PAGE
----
Dan Mackie: Never Be Bored Again!
I recently heard a girl tell her mother, in the sing-song manner of childhood, “I’m bored.’’ The actual sound was more like, “I’m baw-oared.”
Her manner suggested exasperation. Sometimes kids seem to assume that unattended boredom can be dangerous to your health, like suspicious spots on your skin, or rickets.
I’m sure I said the same thing many years ago, but it wasn’t something I said often. I made peace with boredom early, accepted it as part of the human condition. Animals, too. If dogs are bored, they start a yawn and are asleep before they can properly finish it. Cats embrace boredom. They stare out windows and hatch plots for feline world domination even as their eyes grow heavier. Every cat is just waiting for the right moment to strike, and is conserving energy until then.
But where was boredom in my childhood? My brother and I could throw a rubber ball against the steps and play a game of “outs” for very long stretches. I could read articles in The Sporting News about Stan Musial’s outlook for the coming season, again and again, though Stan’s prospects didn’t otherwise occupy my thoughts. I’d reread an article about Joltin’ Joe Charboneau, who had a brief career in baseball but had another talent that made me dream and wonder. It was said that he could crack open a beer with his eye socket. (He was also traded in the minor leagues after a barroom brawl, and attacked by a crazed fan with a penknife in Mexico.)
School was boring in my parochial school days when we were confined to solitary desk confinement, and church was boring, with the ritual in Latin, but almost nothing else was.
These days, I don’t know if I’m ever bored. I have two lifetimes of house chores to do, and it takes great effort to avoid them. It is only when I should be writing that I think of stripping paint.
There is always something to wonder about, look up, or look at. Once my daughter called from an airport where she was waiting for a connecting flight home from college and declared that boredom had taken her hostage. Bored? The people-watching there is magnificent. Cologne-soaked businessmen talking loudly into headsets about their dealings, forcing you to overhear. Women in Disney sweatshirts — why do they identify with the depressive Eeyore? People speaking languages and dialects that make you guess where they are from. Ukraine? Azerbaijan? Kansas?
When I was a kid, you accepted boredom because there weren’t ready alternatives. No iPads, few TV channels, no parents flitting about, bringing you to sports and “enrichment programs.” If we complained about being bored, an adult dismissed us with, “Find something to do.” Or, “Go clean your room,’’ a prospect that made everyday malaise look like a trip to an amusement park.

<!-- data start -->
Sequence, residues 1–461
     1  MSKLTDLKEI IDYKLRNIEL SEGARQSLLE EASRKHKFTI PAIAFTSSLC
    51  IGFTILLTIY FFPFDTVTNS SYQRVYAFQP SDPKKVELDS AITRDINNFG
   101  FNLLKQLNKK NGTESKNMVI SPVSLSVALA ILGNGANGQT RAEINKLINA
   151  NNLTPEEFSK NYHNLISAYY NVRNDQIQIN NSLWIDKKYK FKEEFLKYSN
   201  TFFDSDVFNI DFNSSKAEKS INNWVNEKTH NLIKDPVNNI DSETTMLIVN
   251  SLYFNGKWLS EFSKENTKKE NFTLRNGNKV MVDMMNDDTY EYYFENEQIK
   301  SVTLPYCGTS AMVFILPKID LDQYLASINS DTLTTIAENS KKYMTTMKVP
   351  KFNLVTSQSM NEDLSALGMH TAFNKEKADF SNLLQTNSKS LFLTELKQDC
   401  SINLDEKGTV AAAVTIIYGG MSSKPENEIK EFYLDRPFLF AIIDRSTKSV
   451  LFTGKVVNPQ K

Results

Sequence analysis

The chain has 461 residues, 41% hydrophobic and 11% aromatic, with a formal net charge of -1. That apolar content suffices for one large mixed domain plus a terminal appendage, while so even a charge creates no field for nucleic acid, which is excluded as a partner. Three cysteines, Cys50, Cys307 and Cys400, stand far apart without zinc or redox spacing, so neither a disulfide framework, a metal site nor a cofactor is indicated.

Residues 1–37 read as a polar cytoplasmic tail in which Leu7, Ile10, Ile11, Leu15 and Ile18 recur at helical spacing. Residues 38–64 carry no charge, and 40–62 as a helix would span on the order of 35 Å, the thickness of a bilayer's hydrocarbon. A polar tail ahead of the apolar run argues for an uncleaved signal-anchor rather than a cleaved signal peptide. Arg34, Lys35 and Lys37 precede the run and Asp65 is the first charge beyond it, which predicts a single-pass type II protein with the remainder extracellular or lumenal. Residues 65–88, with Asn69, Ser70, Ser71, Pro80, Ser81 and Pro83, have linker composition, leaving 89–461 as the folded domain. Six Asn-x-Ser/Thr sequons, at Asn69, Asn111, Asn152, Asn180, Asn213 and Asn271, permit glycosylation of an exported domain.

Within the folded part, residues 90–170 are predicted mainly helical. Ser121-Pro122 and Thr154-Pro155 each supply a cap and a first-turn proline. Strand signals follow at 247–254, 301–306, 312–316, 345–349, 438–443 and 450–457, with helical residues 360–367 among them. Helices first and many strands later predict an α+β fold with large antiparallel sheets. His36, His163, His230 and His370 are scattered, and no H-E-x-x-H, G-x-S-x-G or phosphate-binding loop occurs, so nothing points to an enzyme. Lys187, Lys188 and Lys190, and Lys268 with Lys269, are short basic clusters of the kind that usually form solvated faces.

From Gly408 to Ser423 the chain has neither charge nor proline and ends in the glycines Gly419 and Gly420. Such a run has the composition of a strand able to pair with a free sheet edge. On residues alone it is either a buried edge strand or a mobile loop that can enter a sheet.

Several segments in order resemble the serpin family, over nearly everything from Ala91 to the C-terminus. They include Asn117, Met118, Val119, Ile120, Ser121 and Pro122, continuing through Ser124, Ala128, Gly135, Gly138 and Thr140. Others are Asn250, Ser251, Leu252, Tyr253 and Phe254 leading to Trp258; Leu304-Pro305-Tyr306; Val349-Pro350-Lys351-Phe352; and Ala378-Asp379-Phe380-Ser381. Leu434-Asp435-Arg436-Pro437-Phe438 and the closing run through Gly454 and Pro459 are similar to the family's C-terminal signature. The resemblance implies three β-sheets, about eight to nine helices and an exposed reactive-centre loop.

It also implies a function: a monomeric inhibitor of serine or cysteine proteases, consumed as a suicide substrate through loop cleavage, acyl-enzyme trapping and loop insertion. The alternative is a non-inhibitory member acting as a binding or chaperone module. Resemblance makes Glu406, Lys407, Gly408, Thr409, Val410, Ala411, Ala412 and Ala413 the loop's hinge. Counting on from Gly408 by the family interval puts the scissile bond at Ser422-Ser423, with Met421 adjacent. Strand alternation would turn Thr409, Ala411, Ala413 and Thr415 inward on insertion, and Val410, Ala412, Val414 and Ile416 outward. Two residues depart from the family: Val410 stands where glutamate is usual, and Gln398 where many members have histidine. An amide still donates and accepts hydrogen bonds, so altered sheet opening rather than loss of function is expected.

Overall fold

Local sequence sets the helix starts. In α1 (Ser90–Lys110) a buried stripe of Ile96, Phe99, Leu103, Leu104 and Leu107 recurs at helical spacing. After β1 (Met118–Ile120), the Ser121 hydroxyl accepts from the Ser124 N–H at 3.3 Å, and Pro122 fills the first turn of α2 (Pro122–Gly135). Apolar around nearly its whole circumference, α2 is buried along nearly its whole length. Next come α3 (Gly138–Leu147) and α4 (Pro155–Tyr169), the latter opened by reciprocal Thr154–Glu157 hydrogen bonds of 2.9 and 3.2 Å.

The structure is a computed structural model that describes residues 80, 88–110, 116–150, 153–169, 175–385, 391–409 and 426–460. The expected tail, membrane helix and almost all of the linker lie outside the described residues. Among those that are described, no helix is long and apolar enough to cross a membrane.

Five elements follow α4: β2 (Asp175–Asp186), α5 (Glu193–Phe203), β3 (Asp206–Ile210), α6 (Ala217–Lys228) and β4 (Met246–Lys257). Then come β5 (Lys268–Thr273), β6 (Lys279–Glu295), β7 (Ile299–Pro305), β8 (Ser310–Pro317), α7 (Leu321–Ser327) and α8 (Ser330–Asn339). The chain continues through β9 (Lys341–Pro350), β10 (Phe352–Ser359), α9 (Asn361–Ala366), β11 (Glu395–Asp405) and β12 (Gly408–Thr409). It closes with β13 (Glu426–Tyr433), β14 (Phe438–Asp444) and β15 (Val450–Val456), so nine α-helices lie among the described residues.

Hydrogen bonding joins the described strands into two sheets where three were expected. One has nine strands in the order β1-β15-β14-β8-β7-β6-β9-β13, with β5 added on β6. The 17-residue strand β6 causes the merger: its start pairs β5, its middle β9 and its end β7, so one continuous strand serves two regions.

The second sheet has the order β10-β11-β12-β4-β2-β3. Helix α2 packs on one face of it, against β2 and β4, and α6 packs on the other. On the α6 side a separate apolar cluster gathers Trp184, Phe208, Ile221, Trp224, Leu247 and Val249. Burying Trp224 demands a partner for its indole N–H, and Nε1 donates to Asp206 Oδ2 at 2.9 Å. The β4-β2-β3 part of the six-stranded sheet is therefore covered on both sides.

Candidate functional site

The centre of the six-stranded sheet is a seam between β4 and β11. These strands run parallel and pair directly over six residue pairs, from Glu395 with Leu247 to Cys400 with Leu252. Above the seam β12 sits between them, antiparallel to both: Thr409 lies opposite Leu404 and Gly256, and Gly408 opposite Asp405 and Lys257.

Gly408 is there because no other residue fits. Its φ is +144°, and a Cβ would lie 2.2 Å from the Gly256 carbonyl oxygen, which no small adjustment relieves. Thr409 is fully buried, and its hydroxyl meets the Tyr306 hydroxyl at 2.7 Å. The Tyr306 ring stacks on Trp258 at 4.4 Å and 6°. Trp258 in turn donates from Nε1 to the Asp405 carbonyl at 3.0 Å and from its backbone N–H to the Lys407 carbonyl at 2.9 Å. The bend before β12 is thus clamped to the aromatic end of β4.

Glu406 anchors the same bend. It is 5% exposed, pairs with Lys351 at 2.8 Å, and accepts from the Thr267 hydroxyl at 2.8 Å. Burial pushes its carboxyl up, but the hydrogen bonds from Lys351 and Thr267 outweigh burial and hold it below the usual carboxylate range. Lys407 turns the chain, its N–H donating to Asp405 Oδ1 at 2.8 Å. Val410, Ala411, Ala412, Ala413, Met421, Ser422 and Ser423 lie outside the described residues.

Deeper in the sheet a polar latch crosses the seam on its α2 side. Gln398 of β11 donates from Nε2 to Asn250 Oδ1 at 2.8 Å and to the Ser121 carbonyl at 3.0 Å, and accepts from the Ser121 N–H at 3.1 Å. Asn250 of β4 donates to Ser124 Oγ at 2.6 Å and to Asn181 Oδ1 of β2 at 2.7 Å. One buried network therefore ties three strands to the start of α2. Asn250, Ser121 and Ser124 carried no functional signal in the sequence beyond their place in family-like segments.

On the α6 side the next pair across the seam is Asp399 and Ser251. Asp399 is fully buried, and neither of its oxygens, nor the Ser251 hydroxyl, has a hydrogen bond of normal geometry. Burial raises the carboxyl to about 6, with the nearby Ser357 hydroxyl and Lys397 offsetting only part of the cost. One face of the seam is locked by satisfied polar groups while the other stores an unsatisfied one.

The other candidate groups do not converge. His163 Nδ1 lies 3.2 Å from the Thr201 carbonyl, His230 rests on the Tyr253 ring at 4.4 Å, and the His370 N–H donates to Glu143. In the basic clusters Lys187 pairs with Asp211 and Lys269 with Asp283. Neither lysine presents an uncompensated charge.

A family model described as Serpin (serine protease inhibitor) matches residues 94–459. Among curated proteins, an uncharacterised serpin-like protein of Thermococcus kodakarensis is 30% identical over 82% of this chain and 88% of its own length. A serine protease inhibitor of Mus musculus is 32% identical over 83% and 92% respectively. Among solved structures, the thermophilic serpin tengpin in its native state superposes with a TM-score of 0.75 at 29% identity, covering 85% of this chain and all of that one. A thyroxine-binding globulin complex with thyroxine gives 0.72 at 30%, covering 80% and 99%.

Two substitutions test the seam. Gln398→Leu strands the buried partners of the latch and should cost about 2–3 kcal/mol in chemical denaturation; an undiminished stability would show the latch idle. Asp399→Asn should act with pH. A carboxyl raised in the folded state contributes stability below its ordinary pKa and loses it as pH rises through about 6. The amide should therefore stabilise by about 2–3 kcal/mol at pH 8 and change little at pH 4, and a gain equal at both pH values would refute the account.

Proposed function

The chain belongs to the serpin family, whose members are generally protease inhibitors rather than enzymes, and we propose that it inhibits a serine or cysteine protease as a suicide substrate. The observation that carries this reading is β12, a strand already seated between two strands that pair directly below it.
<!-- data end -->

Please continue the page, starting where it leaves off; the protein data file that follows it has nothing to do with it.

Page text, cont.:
So what should kids of today do? The stakes are higher, because they have to start building their Ivy League resumes by second grade, at the latest. If they aren’t alleviating poverty in Bolivia or building social connections in Namibia, they are falling behind.
I could go sit under a tree and read a book on a hot summer day, but that wouldn’t do now. We could also run through a sprinkler for a few hours, but I suppose that squandered the Earth’s resources, although water seemed pretty ample in New England.
No, kids of today need to be learning a third language like Icelandic, because they are going to have to top the kids who already know Spanish or French. Old Icelandic might even be better, because they could turn to the source material when reinterpreting folk tales of the fylgjur, attendant spirits who were sort of like guardian angels. You need a niche, kids.
For the science-oriented, building robots is old hat. “Go build an atomic particle accelerator,’’ parents could snap at kids when they complain of boredom. “And find your own Higgs Boson particle, while you’re at it.”
Boredom is underappreciated by the young, who don’t realize that having nothing to do means you have nothing you have to do. Someday they might recognize the sweet, still freedom of that moment, even if they momentarily seem becalmed. The gales will return soon enough.
You don’t want to overdo boredom, it’s best to dabble in it. A modest amount settles the mind and soothes the soul. Both need a turn in the hammock now and then.
I’m glad I grew up when the stakes were low and boredom was still acceptable. It left me time to think about the likes of Joltin’ Joe Charboneau, who hit 23 home runs for the Cleveland Indians in 1980. You think Joe Charboneau was bored? Not likely, not as long as there were games to play and bottles to be opened.
The writer can be reached at firstname.lastname@example.org.